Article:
Transvaal Leader 
report mentions that some Chinese, too, were presentin the gathering, the strength of which its correspondent estimated at 500.
the compromise. That finishing touch, in my opinion, is being placedupon the whole thing on this occasion. Evidently, General Smuts hasbeen in-formed by some enemies from out of our own camp that theagitation last year and during the month of January was mostlymanufactured and that I was principally instrumental in keeping thefire up. I think that General Smuts has now, by this time, come tounderstand that the agitation was not manufactured, that themovement was absolutely sincere and spontaneous, and, if I had anypart in connection with the movement, the part that I played was thatof a humble interpreter bet-ween the Government and my owncountrymen. I was undoubtedly the first man to inform thecommunity of what the Asiatic Act meant. I was the first oneundoubtedly to point out that it bristled with objections, religious, andon the score of the community’s Honour, but, having done that, Iclaim to have done everything that it was my duty to do. It was theIndians themselves who recognized the importance of the obje-ctionsthat I ventured to place before them, and they decided solemnly andsincerely not to accept the Act. And here we are today in order toemphasize our objections, and we find also that one of the best men inSouth Africa among our own countrymen, the respected Chairman of the Hamidia Islamic Society, has chosen to go to gaol rather thanenjoy the liberty that he had received owing to his having received thevolu-ntary registration certificate. He chose to suffer with his humblercoun-trymen, the hawkers, and he felt that he himself would placehimself in the same category and suffer imprisonment for the sake of the honour of India, for the sake of the hawkers themselves, whom theGovernment wanted to have in their grip; and we have assembled thisafternoon to do honour to that beloved fellow-countryman of ours, asalso the others who have gone with him to share the miseries of a gaollife. It is true that the imprisonment is to last only four daysbut is itonly? Indians, who have not been used to a gaol life, who have neverbeen able to accommodate themselves to the hardships of life, to themeven a day’s imprisonment is a great thing, and does not sentimentcount for some-thing in matters of this sort? We and the EuropeanColonists have known all along that Indians would rather pay largesums of money in fines than go to prison. That feeling has beenshared universally by the Indians in South Africa, and, yet, today wefind the respected Cha-irman of the Hamidia Islamic Society, we findother prominent Ind-ians, willingly going to gaol, not because there isartificial agitation, but because they think sincerely that India’shonour is at stake, they feel that their self-respect is going to be lost, if they do not stand up and give a proper fight, and that fight not a fightwith any weapons but the cleanest. The cleanest weapon that we have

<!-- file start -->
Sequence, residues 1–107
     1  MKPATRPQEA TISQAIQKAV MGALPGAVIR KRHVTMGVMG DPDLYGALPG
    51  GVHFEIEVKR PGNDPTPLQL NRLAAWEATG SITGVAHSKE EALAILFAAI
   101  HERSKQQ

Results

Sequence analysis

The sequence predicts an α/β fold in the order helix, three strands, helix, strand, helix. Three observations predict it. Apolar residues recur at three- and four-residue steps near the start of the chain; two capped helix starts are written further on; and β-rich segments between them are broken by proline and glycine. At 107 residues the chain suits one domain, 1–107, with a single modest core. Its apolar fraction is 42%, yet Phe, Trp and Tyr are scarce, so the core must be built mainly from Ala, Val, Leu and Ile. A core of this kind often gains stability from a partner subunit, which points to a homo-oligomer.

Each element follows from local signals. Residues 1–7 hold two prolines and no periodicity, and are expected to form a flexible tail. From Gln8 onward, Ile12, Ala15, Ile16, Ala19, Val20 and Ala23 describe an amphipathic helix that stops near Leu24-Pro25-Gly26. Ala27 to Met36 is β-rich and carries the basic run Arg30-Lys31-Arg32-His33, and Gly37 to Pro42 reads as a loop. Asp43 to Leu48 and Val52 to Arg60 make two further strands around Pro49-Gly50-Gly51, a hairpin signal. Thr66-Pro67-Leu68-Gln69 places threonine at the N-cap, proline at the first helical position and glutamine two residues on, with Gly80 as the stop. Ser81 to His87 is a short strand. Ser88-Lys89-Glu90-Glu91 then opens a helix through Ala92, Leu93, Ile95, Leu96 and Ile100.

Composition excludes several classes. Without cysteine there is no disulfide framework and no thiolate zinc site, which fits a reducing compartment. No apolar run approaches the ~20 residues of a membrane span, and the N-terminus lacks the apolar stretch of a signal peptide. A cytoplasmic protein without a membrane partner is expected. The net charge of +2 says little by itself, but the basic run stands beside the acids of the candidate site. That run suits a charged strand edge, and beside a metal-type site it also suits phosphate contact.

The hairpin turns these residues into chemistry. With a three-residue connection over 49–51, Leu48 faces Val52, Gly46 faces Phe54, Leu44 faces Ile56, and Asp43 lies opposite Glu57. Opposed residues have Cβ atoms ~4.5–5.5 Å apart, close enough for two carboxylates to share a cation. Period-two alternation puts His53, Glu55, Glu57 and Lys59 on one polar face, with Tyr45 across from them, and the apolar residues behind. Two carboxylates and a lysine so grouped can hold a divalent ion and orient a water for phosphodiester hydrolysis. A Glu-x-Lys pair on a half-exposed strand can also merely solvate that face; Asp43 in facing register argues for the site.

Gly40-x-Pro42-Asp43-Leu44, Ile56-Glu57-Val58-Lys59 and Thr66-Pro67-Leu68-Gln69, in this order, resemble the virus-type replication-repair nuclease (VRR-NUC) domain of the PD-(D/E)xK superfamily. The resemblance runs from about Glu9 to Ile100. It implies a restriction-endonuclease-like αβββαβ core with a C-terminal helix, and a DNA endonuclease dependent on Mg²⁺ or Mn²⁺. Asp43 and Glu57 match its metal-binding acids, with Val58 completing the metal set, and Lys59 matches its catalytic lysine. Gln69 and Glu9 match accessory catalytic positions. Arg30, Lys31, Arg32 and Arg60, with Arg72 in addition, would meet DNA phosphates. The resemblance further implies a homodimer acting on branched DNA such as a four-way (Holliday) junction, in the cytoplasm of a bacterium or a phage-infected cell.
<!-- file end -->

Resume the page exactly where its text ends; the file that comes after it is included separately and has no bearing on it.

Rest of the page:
VOL. 9: 23 JULY, 1908 - 4 AUGUST, 1909